On the producer’s side, raising the prices of goods in high demand is economically rational at first sight, but the picture gets murkier when one begins to look at the larger implications. As stated, in many countries and sectors of economic activity, employees are laid off, go temporarily out of work or their wages are cut. In other words, the consumers’ income at best stays the same and at worst decreases, but their fixed expenses (utilities, bills, loans, etc.) do not; unemployment rises, but so do prices while available income stagnates or follows a downward trend. A retort to this argument would be that, since demand increases in certain sectors, people left unemployed could migrate to those sectors instead; however, that implies a high degree of occupational and geographic mobility which, owing to the current movement restrictions and other barriers (e.g., lack of training or connections), is highly unlikely. Keeping in mind that the situation is dependent upon the persistence of the spread of the virus, and that for now there is no reliable estimate on when it would cease, the consumers would be forced to save as much as possible to ensure that they may satisfy their most urgent necessities, and would be discouraged from borrowing money from banks since they would likely be unable to pay it off. Not only that, but any rational consumer would prioritise ensuring their subsistence and health if their budget is tight, meaning they would rather default on bank loans they had already contracted before the outbreak than risk remaining without food or medicine.

Consequently, assuming the pattern does not change, this leads to consumers restricting their purchase of goods and services even further save for the most basic requirements, which would then result in several businesses failing as consumer spending becomes a zero-sum game (where some sectors stand to gain at the expense of other sectors), which would then result in further unemployment as well as a banking crisis as businesses and regular people alike would struggle to pay back loans, leaving banks in dire straits and causing pessimism from investors which would ultimately be harmful for the entire economy in the long run as banks are important in rebooting the economy. Even relying on the state for aid is a double-edged sword since, with businesses shutting down, governments would no longer have people and companies paying taxes, but unemployed people to support with welfare programs from the public budget, meaning that, in order to be able to restart the economy, they would likely have to resort to austerity measures.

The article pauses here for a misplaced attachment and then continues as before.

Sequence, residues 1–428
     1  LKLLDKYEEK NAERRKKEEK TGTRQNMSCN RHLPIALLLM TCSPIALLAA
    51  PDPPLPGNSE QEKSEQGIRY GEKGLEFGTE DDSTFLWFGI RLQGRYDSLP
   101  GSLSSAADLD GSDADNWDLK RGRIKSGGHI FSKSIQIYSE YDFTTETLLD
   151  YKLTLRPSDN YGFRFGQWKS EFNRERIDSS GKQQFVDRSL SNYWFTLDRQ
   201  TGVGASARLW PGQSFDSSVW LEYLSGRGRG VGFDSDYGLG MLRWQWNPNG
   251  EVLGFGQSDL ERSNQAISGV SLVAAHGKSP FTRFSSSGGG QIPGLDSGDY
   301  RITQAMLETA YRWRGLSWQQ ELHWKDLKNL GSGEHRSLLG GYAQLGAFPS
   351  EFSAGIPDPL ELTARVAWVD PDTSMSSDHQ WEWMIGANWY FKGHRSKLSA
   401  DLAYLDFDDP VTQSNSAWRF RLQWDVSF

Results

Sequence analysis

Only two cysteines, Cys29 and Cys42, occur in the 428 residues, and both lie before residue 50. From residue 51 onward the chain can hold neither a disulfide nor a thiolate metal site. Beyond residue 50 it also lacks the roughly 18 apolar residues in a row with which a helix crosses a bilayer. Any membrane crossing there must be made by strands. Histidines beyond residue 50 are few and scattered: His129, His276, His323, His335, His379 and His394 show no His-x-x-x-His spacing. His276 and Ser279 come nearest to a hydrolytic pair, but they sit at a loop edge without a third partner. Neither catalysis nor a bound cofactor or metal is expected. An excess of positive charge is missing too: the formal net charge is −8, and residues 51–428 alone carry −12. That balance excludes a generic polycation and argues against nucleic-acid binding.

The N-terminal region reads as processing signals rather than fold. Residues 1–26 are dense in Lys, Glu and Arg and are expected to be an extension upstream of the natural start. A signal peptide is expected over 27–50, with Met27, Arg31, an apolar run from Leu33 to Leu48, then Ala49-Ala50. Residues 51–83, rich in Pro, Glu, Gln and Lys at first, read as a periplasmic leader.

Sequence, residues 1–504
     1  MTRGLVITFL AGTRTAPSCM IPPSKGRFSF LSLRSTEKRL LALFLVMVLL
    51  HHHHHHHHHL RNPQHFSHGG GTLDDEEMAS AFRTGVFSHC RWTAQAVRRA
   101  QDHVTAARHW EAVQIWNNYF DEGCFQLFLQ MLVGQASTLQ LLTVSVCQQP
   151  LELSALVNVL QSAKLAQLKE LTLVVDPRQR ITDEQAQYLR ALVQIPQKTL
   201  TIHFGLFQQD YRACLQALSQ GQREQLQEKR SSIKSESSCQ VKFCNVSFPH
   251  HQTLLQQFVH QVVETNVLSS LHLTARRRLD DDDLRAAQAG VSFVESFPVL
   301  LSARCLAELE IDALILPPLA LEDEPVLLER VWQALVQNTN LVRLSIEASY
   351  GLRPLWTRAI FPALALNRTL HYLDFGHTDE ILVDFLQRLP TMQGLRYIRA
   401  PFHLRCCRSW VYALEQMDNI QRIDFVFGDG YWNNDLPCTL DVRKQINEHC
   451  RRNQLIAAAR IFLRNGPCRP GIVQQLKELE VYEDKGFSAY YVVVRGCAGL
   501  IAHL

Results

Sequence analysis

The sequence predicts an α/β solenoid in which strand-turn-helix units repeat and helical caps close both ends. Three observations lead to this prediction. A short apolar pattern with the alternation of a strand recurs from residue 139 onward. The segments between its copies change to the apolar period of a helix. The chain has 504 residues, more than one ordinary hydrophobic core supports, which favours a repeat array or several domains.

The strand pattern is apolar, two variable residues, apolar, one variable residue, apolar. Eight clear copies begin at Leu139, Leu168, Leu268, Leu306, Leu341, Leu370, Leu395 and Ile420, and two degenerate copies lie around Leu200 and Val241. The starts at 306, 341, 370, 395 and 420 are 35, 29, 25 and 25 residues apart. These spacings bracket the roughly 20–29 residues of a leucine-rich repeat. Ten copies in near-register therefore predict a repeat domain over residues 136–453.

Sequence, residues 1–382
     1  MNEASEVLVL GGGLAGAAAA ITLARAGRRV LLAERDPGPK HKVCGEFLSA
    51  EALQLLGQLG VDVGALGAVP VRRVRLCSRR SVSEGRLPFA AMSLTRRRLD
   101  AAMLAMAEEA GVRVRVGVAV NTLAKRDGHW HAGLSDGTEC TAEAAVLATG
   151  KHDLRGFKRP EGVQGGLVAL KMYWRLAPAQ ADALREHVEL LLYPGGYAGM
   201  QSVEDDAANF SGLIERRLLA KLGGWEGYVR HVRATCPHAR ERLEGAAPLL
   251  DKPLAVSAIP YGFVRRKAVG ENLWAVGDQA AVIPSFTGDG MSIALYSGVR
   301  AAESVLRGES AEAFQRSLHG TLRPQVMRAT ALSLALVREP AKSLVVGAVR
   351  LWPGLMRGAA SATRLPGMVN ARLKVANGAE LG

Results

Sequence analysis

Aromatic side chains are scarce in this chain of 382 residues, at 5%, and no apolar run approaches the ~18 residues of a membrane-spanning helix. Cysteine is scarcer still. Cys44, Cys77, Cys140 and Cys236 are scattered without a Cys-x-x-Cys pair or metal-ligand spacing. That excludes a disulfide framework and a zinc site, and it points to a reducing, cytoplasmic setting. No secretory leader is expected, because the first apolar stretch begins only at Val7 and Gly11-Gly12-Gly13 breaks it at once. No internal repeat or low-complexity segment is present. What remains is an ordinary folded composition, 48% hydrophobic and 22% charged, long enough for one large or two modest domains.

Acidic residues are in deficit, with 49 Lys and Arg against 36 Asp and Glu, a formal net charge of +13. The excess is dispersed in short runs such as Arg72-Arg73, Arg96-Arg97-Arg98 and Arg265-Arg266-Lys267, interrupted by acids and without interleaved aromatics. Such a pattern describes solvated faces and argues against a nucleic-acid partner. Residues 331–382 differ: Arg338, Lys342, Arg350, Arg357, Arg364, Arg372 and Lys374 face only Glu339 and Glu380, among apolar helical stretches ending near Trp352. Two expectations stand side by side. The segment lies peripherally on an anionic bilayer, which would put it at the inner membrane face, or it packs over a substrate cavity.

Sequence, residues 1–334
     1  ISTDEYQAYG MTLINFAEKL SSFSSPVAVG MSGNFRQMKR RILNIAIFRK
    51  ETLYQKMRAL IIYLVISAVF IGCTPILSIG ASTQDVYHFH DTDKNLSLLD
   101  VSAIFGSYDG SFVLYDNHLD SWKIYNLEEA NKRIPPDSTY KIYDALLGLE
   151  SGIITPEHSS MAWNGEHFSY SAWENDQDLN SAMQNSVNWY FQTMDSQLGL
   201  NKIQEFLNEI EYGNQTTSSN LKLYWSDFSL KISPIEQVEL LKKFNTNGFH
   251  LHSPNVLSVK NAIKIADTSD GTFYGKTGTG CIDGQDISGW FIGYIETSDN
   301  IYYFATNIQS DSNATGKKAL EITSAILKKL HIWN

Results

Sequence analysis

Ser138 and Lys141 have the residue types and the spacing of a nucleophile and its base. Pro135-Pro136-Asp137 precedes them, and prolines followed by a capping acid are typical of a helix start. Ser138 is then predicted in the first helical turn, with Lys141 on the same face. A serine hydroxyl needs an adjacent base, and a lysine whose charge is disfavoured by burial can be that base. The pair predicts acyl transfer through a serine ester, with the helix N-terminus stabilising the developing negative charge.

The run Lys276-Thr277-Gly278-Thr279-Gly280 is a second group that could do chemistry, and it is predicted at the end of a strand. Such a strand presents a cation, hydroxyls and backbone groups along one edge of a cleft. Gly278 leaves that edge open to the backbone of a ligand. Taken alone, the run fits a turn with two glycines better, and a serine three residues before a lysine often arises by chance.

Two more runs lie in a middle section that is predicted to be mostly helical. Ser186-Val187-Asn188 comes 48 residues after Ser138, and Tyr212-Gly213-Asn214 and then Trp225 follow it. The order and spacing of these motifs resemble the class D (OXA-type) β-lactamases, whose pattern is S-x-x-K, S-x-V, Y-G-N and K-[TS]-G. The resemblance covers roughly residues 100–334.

Another problem is for medical supplies, such as face masks and antibacterial products. Raising prices in worsening economic circumstances risks producing two undesirable outcomes: a black market for medical supplies, backed by agents who anticipated the crisis and bought large amounts of those items in order to sell them at a higher price (e.g., higher than before the outbreak, but still not as high as on the mainstream market), as well as a tendency in consumers to seek substitute goods. The problem is that the population at large is mostly untrained in biology generally and virology specifically to understand what would help fight off the virus and what would not work. With this information asymmetry as the backdrop, it is all too easy for vendors to attempt to masquerade otherwise unremarkable or even potentially harmful products as useful in warding off the virus, with all the health effects it could have. Economically, this combination of rising prices and misinformation would result in a diversion of the consumer’s budget from the purchase of legitimate goods to that of deceitful products before the market has had the time to correct this dysfunction (especially since, with an increase in online shopping, consumers would be unable to verify the product before buying it), which would leave consumers with even fewer resources to manage. 

 

Behaviourism 1 - Neoclassicism 0 

With all this said, the lens of behavioural economics does change the view of the situation. The economic phenomena we have witnessed thus far can be explained through concepts such as uncertainty avoidance, loss aversion, framing, anchoring, social proof, negativity bias and memetic behaviour. For a start, there have been two main reactions towards the virus: one was indifference and underestimation, especially at first, as the virus was portrayed as either on par with the common flu, isolated to a specific geographic area or “too far away” to be a real threat and not all that dangerous. As it began to spread and its infectious nature became more evident, it began to elicit more attention and concern, especially once it crossed borders and reached Europe; suddenly, it was no longer too far away. Naturally, one of the first questions asked was how to cure the virus. These questions were addressed to the scientific community and healthcare authorities. However, the honest scientific answer is “we don’t know yet” given that, as the virus has never before been encountered, no known treatment or vaccine has been shown to neutralise it, and research is currently underway to uncover a vaccine. This has understandably generated the second reaction, at the opposite end of the spectrum, i.e., anxiety and uncertainty which began to grow slowly but surely. These two opposite behaviours are the effect of anchoring – that is, assigning greater weight to the first pieces of information received on a subject. That is likely part of the reason why people from many of the countries where the infection spread failed to take proper safeguards against it – they failed to take it seriously enough because of poor understanding of the virus and the impression that it was not a big deal.